“Amateur cinema: Amateur filmmaking and the alternative film culture that emerged around it. Amateur films were polished short works aimed at an audience of fellow amateurs and members of the public. Distinct from rough home movies, but produced outside the commercial system, they include dramas, portrayals of everyday life, travel and nature films, comedies, and many other subjects and genres. Amateur films often experiment with film form.” –Amateurcinema.org
It might be hard to imagine a time when amateur filmmaking was considered a subculture, what with the abundance of accessible filmmaking today through digital platforms like Instagram, Facebook, and YouTube. However, when the Amateur Cinema League was founded in 1926, that’s exactly what it was: subculture. Because of this, amateur films from this era are a unique and rare find with limited visibility online. The University of Calgary and the Amateur Movie Database are making great efforts to expose amateur filmmaking, but large gaps still remain. O’ Canada, made by amateur filmmaker Markley L. Pepper, is one such rarity.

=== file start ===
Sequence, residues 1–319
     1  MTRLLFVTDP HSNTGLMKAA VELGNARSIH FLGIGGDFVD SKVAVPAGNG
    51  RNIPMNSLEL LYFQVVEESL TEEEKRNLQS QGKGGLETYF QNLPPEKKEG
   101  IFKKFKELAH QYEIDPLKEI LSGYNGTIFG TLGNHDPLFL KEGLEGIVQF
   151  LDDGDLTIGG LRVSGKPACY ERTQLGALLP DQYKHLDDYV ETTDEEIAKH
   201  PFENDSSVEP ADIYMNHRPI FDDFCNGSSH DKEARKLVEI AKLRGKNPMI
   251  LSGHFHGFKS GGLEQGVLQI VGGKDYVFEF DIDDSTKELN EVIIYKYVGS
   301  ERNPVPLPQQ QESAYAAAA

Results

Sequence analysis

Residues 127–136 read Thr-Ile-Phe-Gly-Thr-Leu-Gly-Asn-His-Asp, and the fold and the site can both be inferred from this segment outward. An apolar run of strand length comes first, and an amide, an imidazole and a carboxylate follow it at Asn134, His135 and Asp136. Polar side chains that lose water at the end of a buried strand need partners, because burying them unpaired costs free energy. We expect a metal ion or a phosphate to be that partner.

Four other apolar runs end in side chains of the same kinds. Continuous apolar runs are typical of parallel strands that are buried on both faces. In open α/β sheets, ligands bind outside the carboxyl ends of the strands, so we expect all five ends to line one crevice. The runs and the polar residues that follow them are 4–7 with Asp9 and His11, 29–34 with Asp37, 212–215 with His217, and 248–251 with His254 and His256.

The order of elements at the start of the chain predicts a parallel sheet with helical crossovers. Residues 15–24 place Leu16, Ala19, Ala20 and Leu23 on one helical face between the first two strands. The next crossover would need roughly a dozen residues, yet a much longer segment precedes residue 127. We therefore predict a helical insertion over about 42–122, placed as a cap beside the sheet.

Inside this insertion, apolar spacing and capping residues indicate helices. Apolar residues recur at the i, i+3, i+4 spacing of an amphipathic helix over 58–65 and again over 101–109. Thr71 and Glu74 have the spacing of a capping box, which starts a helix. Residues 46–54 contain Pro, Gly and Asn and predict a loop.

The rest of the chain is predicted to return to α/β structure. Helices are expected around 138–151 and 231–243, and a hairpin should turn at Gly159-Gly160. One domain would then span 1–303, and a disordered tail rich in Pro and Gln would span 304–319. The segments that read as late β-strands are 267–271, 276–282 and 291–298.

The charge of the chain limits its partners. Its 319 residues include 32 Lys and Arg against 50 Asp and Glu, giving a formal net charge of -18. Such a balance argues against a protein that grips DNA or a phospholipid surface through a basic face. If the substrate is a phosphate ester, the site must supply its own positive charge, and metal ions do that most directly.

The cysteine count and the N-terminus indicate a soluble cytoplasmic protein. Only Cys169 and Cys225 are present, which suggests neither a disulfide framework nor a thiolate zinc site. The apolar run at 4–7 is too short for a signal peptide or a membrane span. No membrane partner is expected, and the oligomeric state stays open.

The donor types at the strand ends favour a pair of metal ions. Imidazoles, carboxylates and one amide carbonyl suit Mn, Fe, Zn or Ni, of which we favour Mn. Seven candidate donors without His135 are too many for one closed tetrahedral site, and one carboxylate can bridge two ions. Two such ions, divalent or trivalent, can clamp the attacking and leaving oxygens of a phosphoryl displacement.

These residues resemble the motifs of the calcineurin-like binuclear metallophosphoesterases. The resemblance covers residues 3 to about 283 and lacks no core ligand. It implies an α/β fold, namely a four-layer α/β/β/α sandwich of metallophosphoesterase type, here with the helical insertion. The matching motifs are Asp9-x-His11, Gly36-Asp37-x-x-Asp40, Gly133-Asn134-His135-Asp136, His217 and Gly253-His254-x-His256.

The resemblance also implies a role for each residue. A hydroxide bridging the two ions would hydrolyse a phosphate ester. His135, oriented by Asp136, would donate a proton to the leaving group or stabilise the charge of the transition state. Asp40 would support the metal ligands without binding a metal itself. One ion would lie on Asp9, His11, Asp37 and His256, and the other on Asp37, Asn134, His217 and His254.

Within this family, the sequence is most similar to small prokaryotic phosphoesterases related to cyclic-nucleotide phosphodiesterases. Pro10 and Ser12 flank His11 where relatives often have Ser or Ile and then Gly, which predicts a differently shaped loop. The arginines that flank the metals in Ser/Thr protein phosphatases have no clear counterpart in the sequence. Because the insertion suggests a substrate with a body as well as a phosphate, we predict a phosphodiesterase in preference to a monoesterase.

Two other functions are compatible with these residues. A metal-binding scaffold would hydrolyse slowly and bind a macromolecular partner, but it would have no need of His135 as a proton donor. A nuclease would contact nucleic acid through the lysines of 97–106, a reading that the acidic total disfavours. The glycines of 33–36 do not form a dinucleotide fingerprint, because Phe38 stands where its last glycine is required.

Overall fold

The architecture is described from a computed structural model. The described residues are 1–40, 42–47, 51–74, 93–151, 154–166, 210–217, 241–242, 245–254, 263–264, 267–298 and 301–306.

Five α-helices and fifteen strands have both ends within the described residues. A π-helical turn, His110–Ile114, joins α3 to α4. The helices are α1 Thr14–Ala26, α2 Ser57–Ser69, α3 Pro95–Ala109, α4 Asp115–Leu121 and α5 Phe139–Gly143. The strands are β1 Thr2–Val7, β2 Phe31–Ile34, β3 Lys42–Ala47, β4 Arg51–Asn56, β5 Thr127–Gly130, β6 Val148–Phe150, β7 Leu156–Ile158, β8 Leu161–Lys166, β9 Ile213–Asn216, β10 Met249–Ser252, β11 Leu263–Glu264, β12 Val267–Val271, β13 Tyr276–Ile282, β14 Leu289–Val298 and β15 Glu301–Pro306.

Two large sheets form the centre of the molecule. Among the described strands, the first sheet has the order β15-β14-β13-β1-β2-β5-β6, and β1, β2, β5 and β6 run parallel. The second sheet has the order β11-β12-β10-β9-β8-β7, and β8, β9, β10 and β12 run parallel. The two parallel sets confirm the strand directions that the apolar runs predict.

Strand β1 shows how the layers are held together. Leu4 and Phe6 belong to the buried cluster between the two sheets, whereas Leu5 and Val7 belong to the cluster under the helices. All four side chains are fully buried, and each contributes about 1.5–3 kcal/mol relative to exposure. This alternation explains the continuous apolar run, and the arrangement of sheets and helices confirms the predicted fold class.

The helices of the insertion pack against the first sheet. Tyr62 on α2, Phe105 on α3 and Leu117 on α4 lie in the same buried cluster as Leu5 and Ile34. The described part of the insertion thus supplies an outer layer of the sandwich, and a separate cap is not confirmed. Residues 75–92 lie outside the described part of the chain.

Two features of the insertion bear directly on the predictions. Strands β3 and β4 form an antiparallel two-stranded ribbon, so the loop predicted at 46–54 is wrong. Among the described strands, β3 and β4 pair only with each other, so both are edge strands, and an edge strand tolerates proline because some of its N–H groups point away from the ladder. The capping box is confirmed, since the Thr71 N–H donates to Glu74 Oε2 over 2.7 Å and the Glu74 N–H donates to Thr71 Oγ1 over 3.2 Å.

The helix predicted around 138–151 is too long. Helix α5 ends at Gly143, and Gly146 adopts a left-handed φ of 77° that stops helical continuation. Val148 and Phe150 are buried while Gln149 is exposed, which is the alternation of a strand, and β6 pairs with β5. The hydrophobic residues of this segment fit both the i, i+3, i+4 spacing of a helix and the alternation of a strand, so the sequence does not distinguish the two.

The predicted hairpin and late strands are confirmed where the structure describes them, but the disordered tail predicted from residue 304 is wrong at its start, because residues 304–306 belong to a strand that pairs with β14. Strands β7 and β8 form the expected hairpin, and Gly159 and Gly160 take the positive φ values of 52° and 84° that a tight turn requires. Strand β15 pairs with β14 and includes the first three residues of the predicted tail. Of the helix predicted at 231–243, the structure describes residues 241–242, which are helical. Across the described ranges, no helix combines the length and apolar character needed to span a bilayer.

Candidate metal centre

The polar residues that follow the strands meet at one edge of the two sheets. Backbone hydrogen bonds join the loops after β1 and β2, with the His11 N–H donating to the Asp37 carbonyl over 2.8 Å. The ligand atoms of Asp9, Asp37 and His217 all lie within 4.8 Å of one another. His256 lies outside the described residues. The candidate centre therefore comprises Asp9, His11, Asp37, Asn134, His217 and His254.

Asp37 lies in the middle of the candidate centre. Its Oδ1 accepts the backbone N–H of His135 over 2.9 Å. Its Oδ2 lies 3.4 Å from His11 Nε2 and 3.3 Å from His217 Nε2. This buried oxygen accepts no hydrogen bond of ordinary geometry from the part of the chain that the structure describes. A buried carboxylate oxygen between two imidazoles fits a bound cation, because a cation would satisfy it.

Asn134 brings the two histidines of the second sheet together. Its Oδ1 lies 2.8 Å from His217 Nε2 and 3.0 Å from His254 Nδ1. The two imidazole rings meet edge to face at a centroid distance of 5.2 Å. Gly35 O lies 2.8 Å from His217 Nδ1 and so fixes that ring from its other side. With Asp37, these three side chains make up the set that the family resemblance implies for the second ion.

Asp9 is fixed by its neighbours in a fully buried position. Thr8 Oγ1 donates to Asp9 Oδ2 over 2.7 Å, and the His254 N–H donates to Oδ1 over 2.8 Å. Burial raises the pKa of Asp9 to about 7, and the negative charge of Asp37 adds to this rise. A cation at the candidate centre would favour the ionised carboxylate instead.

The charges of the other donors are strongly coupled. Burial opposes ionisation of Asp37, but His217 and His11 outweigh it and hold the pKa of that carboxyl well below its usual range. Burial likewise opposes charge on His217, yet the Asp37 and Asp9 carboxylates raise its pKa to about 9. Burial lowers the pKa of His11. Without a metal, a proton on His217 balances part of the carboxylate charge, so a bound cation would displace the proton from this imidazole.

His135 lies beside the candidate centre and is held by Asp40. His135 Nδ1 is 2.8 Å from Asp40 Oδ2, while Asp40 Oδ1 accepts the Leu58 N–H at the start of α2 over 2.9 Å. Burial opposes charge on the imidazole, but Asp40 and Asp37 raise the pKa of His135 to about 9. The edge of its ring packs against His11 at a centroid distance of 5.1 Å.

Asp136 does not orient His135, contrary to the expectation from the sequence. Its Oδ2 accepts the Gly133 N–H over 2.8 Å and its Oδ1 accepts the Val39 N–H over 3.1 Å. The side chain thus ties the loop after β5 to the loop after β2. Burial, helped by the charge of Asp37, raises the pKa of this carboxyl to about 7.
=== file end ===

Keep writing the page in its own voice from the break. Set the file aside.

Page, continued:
The provenance of this film is unknown and it might have gone unnoticed had it not been scanned as part of the IU Media Digitization and Preservation Initiative project, greatly enhancing discoverability and access. As part of phase two of MDPI, the Moving Image Archive selected significant collections of film to be digitized, cataloged, hosted, and shared through the Avalon Media System for IU. O’ Canada is a part of the Hal & Kathryn Stewart Collection. The Stewarts owned and operated the Denver branch of Ideal Pictures Corporation, a distributor of non-theatrical films, operating until 1980. My work in the Moving Image Archive involves cataloging films that have gone through the digitization process and are in need of descriptive metadata in order to facilitate access. The vast majority of films I had cataloged from the Stewart collection had been either Castle or Official films; i.e., large home movie producers and distributors with licensing rights for commercial theatrical films, in addition to sports reels, cartoons, and newsreels. Therefore, when I came across the bright red Amateur Cinema League banner set against a backdrop of a spinning globe my interests were peaked by sheer variation. The film itself has very limited information, apart from the title, creator, and locations. My preliminary research on ACL clued me in on the significance of the print; but upon deeper research, scouring issues of Movie Makers for any mention of the film, I started to recognize the potential for highlighting this seemingly forgotten film. A travelogue of various tourist destinations in Canada, Pepper has attractively captured scenic vistas, everyday tourist activities, and friendly wildlife in this vivid time capsule. However, more than being a beautiful travelogue, O’ Canada is a modern artifact of amateur filmmaking heritage. It represents an era of filmmaking before filmmaking became widely accessible. It is important not only to preserve, but to share and promote, what could have been, a lost artifact.